In both cases instead of feeling sorry for scaring or killing them, he is angry at them because of it. Finally, Lennie’s strength is too great for him. Steinbeck writes “And then she was still, for Lennie had broken her neck.”(91). Just like the mice that he squeezed too hard, and the puppy he shook too harshly, Lennie’s strength had gotten the best of him. Although he never intended to kill anything, he could not contain his own
Dreams are goals that keep man motivated to improve, evolve, and chase for the better things in life. But unfortunately, not all dreams come true. The American Dream is also a goal to achieve success through hard-work and dedication; The American Dream is a goal that is often fantasized by two men, George and Lennie. In John Steinbeck’s novella Of Mice and Men, George, the smaller man, leads the way and makes the decisions for Lennie, a mentally challenged fellow. They both travel and work together.
To be our brothers and sisters keeper means that we have to watch out for them and care about even if it 's not our favorite thing to do but we do it because we care about them.John Steinbeck wrote this book in 1937, The book is about two farmers who had dreams of having their own farms and one of the characters named george looks out for Lennie because he has a mental disability. He wrote the book to show that if you are your brothers keeper you will do what 's best for them. A brother 's keeper watch out for them, does what 's best for them, and it 's part of their responsibility because we care for them. First, A brother’s keeper is always watching out for them. For example “ With us it aint like.
A big part of the George and Lennie’s lives is the dream that they share: to make enough money and buy their own ranch and be able to grow crops and raise animals. Lennie has a very big attraction to soft things that he can pet; this gets him in trouble throughout his life. Many events in Of Mice and Men are foreshadowed such as Curley’s wife’s untimely death, the loss of the farm dream, and Lennie’s death. In the novel Lennie shows great interest in petting soft things, and it is also shown that Lennie normally kills the things he pets. However, Lennie and George were caught in a situation in Weed where Lennie grabbed onto a girls dress and this got him and George into serious trouble.
George and Lennie are the main characters in this story. They are two young friends who were left with nothing except some hopes and dreams. George and Lennie have dreamt of having and owning a small farm, but they were not able to fulfill their wishes because their lives were followed by heartbreaking failure. In the text, ‘Of Mice and Men’, friendship is portrayed in a very confusing way. It is dangerous so as to say.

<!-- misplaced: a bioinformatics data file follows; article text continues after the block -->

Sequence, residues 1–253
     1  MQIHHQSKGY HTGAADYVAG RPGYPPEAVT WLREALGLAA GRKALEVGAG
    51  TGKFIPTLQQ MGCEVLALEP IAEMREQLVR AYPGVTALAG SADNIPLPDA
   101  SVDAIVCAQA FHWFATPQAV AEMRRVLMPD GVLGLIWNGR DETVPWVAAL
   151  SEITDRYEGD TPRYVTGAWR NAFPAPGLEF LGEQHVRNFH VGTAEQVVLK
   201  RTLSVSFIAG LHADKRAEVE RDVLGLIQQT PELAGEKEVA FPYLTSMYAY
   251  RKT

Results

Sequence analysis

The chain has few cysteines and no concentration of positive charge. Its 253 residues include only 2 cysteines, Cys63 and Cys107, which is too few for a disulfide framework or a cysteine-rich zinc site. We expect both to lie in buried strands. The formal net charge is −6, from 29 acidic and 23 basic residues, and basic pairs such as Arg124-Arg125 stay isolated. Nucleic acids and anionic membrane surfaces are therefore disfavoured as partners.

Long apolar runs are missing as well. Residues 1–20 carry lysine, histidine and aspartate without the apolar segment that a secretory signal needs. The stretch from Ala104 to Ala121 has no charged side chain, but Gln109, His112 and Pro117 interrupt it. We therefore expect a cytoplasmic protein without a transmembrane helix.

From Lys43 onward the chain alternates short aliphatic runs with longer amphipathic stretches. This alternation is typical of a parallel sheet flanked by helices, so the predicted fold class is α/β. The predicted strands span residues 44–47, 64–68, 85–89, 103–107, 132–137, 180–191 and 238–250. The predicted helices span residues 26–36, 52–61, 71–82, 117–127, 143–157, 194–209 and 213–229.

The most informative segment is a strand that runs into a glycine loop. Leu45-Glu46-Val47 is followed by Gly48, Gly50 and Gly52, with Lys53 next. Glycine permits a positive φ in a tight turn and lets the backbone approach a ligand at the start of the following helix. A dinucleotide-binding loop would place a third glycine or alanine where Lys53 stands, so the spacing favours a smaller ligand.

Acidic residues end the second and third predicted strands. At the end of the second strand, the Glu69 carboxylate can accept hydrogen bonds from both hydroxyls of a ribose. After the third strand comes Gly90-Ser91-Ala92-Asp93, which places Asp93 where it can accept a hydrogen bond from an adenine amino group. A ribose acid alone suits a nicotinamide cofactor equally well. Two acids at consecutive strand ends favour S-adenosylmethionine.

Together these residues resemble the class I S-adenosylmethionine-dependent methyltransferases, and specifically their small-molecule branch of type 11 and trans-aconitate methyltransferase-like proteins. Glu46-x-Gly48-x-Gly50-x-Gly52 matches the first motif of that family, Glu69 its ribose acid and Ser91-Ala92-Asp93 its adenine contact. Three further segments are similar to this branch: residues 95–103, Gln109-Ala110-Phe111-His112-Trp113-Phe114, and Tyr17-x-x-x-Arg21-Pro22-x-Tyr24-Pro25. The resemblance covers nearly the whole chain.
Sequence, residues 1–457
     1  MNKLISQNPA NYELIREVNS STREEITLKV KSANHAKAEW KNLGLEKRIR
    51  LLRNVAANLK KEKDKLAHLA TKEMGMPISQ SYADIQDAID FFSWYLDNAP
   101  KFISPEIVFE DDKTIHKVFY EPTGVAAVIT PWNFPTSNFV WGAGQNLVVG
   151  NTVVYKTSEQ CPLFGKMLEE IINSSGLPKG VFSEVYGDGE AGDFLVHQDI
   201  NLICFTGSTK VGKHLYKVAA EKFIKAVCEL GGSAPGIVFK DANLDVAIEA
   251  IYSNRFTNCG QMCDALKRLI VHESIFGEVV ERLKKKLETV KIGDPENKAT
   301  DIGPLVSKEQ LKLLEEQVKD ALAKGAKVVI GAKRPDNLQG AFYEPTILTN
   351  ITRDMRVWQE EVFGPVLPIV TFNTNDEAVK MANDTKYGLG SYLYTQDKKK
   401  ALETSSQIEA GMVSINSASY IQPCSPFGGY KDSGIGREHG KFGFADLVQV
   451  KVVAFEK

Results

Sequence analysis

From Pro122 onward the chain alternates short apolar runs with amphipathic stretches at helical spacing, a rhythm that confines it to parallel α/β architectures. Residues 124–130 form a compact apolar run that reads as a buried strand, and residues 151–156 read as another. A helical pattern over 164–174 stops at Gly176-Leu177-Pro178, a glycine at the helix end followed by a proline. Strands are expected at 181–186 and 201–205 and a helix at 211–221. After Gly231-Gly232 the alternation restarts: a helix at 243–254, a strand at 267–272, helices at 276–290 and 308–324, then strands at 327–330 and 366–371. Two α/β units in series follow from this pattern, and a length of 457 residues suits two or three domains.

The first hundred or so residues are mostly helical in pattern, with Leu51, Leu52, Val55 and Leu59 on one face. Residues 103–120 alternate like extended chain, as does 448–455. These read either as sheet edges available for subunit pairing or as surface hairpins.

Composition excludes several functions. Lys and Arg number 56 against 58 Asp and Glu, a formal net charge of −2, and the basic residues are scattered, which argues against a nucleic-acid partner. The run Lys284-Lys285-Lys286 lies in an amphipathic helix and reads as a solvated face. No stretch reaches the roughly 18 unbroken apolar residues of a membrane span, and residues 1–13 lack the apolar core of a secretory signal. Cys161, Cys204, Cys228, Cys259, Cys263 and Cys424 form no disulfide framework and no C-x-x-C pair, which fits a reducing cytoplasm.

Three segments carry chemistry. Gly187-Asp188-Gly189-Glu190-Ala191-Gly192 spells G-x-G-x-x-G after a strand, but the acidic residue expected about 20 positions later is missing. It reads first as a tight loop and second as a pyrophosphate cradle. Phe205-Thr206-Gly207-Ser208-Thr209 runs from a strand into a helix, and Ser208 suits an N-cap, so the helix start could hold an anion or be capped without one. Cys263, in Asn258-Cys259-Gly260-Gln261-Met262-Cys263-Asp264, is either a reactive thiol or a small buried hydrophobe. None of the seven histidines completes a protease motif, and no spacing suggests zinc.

George had to decide whether or not he would kill Lennie mercifully, or let the rest of the worker's murder him. I believe George should have killed Lennie because he has hurt people, can’t control himself, and would have probably ended up in a horrible mental institution anyway. Despite Lennie’s seemingly innocent nature, he hurts many people and animals throughout the story. He would pet mice and break their tiny bodies. He had a puppy and killed it for trying to bite him.
When George tells Lennie to meet him in the bushes if anything bad happens this is foreshadowing to the ending of the book when Lennie has to meet him there. Also, Candy telling George that he regretted not killing his dog himself leads to the end where George kills Lennie because he didn't want to live with the same regret as Candy. Lastly, all of the times that Lennie kills animals by petting them foreshadows to when Lennie kills Curley’s wife. The ending of John Steinbeck’s book would not make sense without him putting examples of foreshadowing in the
Lennie had made a mistake when he was alone and the consequences for his actions resulted in his execution. One final example of foreshadowing in Of Mice in Men, is when Carlson shot Candy’s dog. Candy told George, "I oughtta of shot that dog myself, George. I shouldn't oughtta of let no stranger shoot my dog". Candy had realized it was his responsibility to have shot his dog.
At first George believed that he could accomplish his dream but later doubts it right after he discovered Lennie did another “bad thing”. “Before George answered, Candy dropped his head and looked down at the hay. He knew.”(Steinbeck 99). After they discovered what Lennie did to Curley’s wife, Candy asks George if they can still buy their land but all their hopes dropped as they suddenly returned back to reality and realized what was and wasn’t possible. Furthermore, George talks to Lennie about the land and their dreams in a cold voice before he shoots Lennie, showing the signs that he didn’t actually believe in what he was saying anymore.
They are doomed from the start because of Lennie’s fatal flaw—he is developmentally disabled and therefore incapable of bringing the dream to fruition—but his naïveté also allows both him and George to pursue the dream. Lennie’s innocence permits George to believe that the dream might be attainable: “George said softly, ’I think I knowed we’d never do her. He usta like to hear about it so much I got to thinking maybe we would.’” Lennie is the keeper of the dream; he does not question its inevitable fulfillment, he simply believes. Without this innocence, George would be like all the other ranch hands, wasting his money on whiskey and women, drifting aimlessly from one job to the